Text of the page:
Did y’all know that I don’t drink? I mean given that we’re in the middle of a pandemic, who would blame me if I found myself diluting my braincells with the majick liquid that is alcohol to deal with the nearly daily panic attacks that come from spending every day of my life alone.

No, I don’t drink, and it’s not because I am a part of AA or NA, it’s because I don’t fucking drink.

When I first came home from being arrested, one of the first things that I did, was to stop at a dispensary and buy an ounce of weed. For someone who didn’t smoke weed – at all – that was quite a bit of weed to start off with.

I spent three months getting stoned out of my tree, because as I’ve said before, I needed a cushion, because I could feel myself falling down mentally and I didn’t know how else to deal with the pain that I knew was coming.

Smoking weed forced me to admit the truths that I had been holding back for more than thirty years.

It forced me to rip myself a part and share with the world and my family, that I had been through some shit, and when I was finally done listing all the terrible horrible things that happened to me, I was done.

I don’t feel sorry for the girl who went through all that stuff, I feel absolutely empowered by her. I like the fact that the moment I close my eyes, my mind flashes back to the worst nights of my life, as if trying to re-write what happened during the events that I was gang raped.

But with marijuana, I can actually handle these mental health issues that came seemingly out of nowhere.

Once I realized everything that I had been through, I was able to start to recognize that what I was experiencing was PTSD. Although I’ve never been properly diagnosed by a Doctor, because Black woman, I know that I display all the classic signs of PTSD.

Knowing that has helped me to learn how to focus my healing on all the things that I was ignoring years ago. I talk to my Doctor once a month about my exhaustion, I am more honest with my therapists then I ever have been before.

I have my Sister Sessions with the Bud Sista’s at least once a week, as well as therapy, as well as meeting up with the Militantly Mixed group that Sharmane puts on every Sunday.

These conversations combined with habitual use of marijuana has made it easier for me to deal with my anxiety, depression, and the sheer misery of knowing that I have never once been left alone by the men in my life.

The anger that I feel is internal instead of external now – which isn’t to say that I am keeping it in, but to say that I am not lashing out the way that I used to before I started smoking marijuana. I am more honest now with who I am as a person, and who I want to be as a woman.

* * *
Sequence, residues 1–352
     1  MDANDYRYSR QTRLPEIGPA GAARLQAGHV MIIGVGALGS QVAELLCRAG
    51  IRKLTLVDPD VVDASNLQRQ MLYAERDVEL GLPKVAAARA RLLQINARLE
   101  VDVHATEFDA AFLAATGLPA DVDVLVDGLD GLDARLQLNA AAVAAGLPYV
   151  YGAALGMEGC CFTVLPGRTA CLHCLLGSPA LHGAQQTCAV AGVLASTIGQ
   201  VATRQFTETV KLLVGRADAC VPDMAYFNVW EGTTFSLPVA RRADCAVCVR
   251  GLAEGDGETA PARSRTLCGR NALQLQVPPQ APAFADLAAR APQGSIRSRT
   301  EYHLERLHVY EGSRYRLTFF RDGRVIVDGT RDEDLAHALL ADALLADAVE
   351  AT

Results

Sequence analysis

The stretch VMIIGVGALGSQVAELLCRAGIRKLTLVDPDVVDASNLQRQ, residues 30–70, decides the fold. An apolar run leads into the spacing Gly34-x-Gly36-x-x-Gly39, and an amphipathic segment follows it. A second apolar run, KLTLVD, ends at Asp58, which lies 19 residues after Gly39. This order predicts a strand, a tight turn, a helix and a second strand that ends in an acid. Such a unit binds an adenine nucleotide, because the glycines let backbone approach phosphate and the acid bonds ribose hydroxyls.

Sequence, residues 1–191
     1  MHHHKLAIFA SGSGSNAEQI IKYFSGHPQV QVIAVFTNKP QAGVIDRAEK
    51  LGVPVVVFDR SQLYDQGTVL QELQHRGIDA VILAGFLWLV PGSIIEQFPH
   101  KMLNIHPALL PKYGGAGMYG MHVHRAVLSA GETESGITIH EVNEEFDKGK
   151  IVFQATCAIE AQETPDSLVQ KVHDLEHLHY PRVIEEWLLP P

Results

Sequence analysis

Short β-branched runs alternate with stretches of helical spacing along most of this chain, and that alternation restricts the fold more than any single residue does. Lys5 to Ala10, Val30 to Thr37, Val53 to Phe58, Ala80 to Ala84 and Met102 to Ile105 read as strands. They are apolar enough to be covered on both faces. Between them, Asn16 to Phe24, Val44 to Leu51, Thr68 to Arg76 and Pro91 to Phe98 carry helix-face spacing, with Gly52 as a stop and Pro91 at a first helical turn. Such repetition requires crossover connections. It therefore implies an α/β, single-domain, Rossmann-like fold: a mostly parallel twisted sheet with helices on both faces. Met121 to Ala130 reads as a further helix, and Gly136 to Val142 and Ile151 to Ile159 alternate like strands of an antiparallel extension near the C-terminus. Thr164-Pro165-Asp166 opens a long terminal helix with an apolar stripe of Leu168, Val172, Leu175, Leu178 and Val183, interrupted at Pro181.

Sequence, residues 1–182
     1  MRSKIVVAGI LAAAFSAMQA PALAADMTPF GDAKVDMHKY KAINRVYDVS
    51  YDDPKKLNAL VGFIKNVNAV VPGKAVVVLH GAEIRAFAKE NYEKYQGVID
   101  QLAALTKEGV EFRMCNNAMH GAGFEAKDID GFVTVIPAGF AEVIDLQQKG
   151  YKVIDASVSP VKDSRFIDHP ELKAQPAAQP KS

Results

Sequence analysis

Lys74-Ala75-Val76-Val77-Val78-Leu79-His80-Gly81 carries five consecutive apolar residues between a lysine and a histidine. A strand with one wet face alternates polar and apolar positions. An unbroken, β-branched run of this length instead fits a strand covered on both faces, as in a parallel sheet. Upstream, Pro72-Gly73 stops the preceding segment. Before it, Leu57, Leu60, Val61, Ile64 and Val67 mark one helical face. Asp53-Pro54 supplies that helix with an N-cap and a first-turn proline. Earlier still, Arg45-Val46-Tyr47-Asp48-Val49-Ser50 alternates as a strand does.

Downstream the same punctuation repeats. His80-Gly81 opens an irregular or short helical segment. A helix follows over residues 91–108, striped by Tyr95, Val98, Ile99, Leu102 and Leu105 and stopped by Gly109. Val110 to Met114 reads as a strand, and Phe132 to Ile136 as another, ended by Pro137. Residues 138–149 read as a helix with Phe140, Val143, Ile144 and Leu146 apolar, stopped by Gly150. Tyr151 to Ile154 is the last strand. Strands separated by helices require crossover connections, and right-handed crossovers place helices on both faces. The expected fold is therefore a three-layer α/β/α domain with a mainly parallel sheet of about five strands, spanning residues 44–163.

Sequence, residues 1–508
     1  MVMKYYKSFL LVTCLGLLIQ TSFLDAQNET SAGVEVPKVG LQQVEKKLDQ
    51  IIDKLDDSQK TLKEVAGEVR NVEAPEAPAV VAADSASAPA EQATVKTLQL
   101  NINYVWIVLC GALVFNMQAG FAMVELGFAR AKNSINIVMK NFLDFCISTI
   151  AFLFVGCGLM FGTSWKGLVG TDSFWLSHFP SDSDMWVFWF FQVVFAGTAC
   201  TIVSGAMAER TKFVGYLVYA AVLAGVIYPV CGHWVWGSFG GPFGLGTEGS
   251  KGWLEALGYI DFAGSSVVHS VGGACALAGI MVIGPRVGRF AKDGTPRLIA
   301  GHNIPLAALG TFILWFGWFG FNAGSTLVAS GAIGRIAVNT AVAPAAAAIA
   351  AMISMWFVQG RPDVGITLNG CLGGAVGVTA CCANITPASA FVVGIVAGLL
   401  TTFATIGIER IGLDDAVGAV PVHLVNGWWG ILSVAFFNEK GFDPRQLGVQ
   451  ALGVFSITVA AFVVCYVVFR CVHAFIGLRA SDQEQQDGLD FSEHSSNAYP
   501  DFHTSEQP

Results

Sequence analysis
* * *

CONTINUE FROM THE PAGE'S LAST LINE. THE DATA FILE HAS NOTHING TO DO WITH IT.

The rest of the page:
I recognize now that I am in a place of recovery, and while it may not seem conventional for most people, it is what is finally working for me.

For the first time in my life, the people in my life can’t ignore me when I say something is wrong. For the first time in my life I actually feel heard when I am in a place of isolation and fear.

For the first time in my life, I am starting to piece together some sort of happy that helps me envision what life could be like if I continue to refuse to give up on myself.

None of this would have happened without marijuana, and that’s why it’s so important for every day average users to share their stories with this medication.

There are too many Doctors out there that are convinced they know everything, that are convinced every problem can be solved with a pill, instead of listening to the studies and the patients that they serve, they are stuck in their old ways, refusing to talk to patients who use marijuana as a medication. Much less prescribe it themselves.

I admit that I spent years being afraid of this drug, because I know that when I am stoned, whatever it is that I am really thinking comes out whether or not I like it.

I spent years drinking because drinking allowed me to hide what I was thinking and how I was feeling, I spent years drinking because I wasn’t ready to face all the things that I had been through that had dragged me down for so many years.

I know that marijuana isn’t for everyone, and that everyone will have a different reaction, but for me it made a world of difference and I couldn’t responsibility continue to write this blog if I didn’t share that.

Since I started smoking habitually, I’ve had a huge decrease in panic attacks and nightmares. I remember standing in WalMart one day and my mom asked me what was wrong, I told her I was having a panic attack. Without any of the screaming or dramatics, without any of the losing my breath, I was in the middle of a panic attack and I was able to control myself. That had never happened before.

Since I started smoking weed I started this blog, wrote a book, and started a clothing line. Things that were dreams before, have become a reality now, purely because I opened myself up to the sacred plant that is cannabis. Just something to think about.

Sending all my love,

Devon J Hall

4 thoughts on “I’m No Cannabis Expert, But I Have Some Thoughts As A Mixed Race Black Woman That Might Be Important To The Conversation

  1. Natural does what it was meant to do, help you be you. I medicate with marijuana and never understood those that push pills and back alcohol but turn their nose up at cannabis. I think much of it goes to lack of understanding and no wide spread education on the benefits. Best wishes to you on your journey and never forget what you’re feeling usually needs to be felt & worked through even if it’s difficult.


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